This colorful art creatively disguises a utility box. I love this type of street art.

One of two sculptures I spotted.

One of two sculptures I spotted. The bronze masks on the Davis Square sculptures were installed after the original sculptures were vandalized. The sculptures are based on actual people who lived in the Square area.

I spotted this sign while dining, but then forgot to check out the park once I finished my burger.

I spotted this sign while dining, but then forgot to check out the park once I finished my burger.

Lucky for us, there was room to park in one of the public parking lots late on a Monday afternoon.

Lucky for us, there was room to park in one of the public parking lots late on a Monday afternoon. That’s where I photographed the colorful car art.

© Copyright 2016 Audrey Kletscher Helbling

 

For the love of books, a spotlight on several Little Free Libraries October 22, 2018

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I was delighted to find a Little Free Library near my son’s apartment when I visited him in Somerville, Massachusetts, in May of 2016. Minnesota Prairie Roots file photo.

 

WHENEVER I SPOT A LITTLE FREE LIBRARY, I feel a deep appreciation for the stewards of these mini libraries.

The ability to read, as I see it, is the foundation of learning. But to read, you need access to books. Not everyone has that, whether by geographical location or lack of money for books.

So those individuals who place a Little Free Library in their yards (or elsewhere) and then stock and restock shelves have my gratitude. They realize the importance of easy 24/7 access to books.

 

The LFL Todd and Susan Bol installed outside the community-owned Vesta Cafe. Minnesota Prairie Roots file photo 2012.

 

I grew up in a rural Minnesota community without a library. I understand what it’s like to be without library books. But thanks to Little Free Library founder Todd Bol, my hometown of Vesta has had a small public library since July 1, 2012. A Little Free Library. Todd gifted that to this small farming town. I am grateful.

 

A LFL in downtown Decorah, Iowa.

 

Recently I spotted two particularly distinct Little Free Libraries, one in the heart of downtown Decorah, one of my favorite northeastern Iowa cities. The library sits in a public plaza next to Oneota Community Food Co-op. That it’s barn-shaped seems especially fitting in a primarily agricultural state. A red barn remains an iconic symbol of rural life.

I grabbed a hardcover copy of James Patterson’s Double Cross with every intention of starting to read the book while in Decorah. That never happened and now the book sits on my to-read pile back here in Minnesota. First I need to finish The Girls of Ames—A Story of Women & a Forty-Year Friendship by Jeffrey Zaslow. The national bestseller published in 2009. The book holds special interest for me given one of the women taught journalism at Faribault High School and served as advisor to the student newspaper when my second daughter was co-editor. It’s an excellent read. And quite revealing.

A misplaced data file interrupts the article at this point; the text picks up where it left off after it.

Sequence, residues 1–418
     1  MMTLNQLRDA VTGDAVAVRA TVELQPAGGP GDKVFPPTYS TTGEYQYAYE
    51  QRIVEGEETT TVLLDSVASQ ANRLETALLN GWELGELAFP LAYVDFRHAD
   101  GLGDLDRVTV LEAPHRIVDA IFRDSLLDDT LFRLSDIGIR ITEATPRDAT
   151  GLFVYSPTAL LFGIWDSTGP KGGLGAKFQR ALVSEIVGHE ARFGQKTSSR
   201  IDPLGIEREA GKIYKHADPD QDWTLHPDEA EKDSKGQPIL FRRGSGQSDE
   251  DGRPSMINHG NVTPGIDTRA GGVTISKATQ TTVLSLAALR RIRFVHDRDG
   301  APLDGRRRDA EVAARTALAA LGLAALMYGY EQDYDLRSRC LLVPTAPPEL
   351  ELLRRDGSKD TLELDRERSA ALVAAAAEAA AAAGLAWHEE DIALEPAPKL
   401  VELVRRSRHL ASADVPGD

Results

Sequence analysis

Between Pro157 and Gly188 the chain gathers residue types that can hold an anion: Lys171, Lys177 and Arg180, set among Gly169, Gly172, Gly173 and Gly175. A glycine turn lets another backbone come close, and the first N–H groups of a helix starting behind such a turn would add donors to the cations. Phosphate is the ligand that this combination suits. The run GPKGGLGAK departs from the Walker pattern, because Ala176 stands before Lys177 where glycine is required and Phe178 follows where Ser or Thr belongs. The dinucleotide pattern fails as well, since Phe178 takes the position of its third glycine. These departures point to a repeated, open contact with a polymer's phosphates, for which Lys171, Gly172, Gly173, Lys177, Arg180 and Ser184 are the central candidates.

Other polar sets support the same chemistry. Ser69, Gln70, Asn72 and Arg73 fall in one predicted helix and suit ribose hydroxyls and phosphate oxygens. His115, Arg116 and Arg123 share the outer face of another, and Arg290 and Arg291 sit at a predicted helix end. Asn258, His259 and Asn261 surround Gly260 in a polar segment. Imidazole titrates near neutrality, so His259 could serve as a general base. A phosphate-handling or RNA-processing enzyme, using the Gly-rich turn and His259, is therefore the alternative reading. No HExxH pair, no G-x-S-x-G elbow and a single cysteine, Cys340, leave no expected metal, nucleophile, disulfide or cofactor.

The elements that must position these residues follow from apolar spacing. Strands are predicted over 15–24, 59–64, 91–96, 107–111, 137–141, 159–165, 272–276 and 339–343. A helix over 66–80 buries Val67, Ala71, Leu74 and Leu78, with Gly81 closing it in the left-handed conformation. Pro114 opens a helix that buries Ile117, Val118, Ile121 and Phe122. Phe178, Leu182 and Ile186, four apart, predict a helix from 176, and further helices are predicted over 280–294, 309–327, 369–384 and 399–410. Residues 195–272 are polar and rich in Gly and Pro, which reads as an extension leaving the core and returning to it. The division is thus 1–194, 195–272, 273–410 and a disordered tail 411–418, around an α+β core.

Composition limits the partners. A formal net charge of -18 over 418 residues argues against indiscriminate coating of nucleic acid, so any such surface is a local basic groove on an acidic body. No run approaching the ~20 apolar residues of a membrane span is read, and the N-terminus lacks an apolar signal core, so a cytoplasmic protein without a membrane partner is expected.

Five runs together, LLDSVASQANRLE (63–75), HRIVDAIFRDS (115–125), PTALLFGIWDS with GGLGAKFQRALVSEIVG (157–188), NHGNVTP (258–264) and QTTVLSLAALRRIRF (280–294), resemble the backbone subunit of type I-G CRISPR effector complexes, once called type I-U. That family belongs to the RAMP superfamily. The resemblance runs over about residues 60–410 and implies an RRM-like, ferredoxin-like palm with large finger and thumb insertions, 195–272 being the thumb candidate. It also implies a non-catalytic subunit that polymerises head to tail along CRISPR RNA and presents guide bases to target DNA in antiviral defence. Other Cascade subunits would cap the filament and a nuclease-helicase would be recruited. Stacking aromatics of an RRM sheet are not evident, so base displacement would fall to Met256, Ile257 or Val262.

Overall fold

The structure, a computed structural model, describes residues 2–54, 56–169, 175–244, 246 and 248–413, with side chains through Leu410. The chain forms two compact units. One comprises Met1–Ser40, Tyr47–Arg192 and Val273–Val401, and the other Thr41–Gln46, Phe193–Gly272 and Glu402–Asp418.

But I digress.

 

 

A variety of books for all ages fill an eye-catching LFL posted at 805 State Street in Waseca. It’s designed as a TARDIS, the featured mode of transportation on the BBC sci-fi television show “Doctor Who.” I know nothing about the show. To me, the TARDIS resembles a blue phone booth.

 

 

The stewards of the Waseca TARDIS do a great job of visually promoting the LFL with the library now seasonally decorated for autumn and Halloween. Inside, they’ve also stocked Halloween-themed books. They seem to have a lot of fun with their LFL. I expect given its location along one of Waseca’s main arteries that the library is well-used.

 

 

What kid wouldn’t be drawn to a mini TARDIS? Or adult for that matter?

 

 

 

I love when folks run with the LFL idea and get especially creative, all for the purpose of getting books into the hands of others.

 

A cat watched as I photographed the TARDIS LFL.

 

FYI: This post is dedicated to Todd Bol, who founded the Little Free Library movement and who died on October 18 of pancreatic cancer.

© Copyright 2018 Audrey Kletscher Helbling

 

First impressions of downtown Madison, Wisconsin June 11, 2018

 

 

AS SOMEONE WHO DOESN’T particularly like big cities, and I realize that term is relative, I like Madison. That surprised me.

 

The modernistic entrance to the U.S. Federal Courthouse.

 

The Wisconsin Historical Society.

 

The Madison Museum of Contemporary Art.

 

But on my recent first visit to Wisconsin’s capital city of 252,000-plus, I discovered a downtown that mixes historic and contemporary to create an energetic, yet small town inviting, vibe. Granted, I only spent an hour downtown and popped into only one shop on a Sunday morning. But that was enough for me to grasp a sense of place, a place I want to explore further.

 

 

Looking toward the capitol.

 

 

This is a foot-friendly city with State Street, a pedestrian mall, stretching for blocks from the University of Wisconsin—Madison to the state capitol building. This is also a bike-friendly city. I noted, too, many restaurants with outdoor dining along tree-hugged streets. Madison visually impresses with its greenery seemingly everywhere.

 

 

With the exception of homeless people I observed alongside a building near the capitol, I never felt like I was in an overpowering-to-my-senses urban area.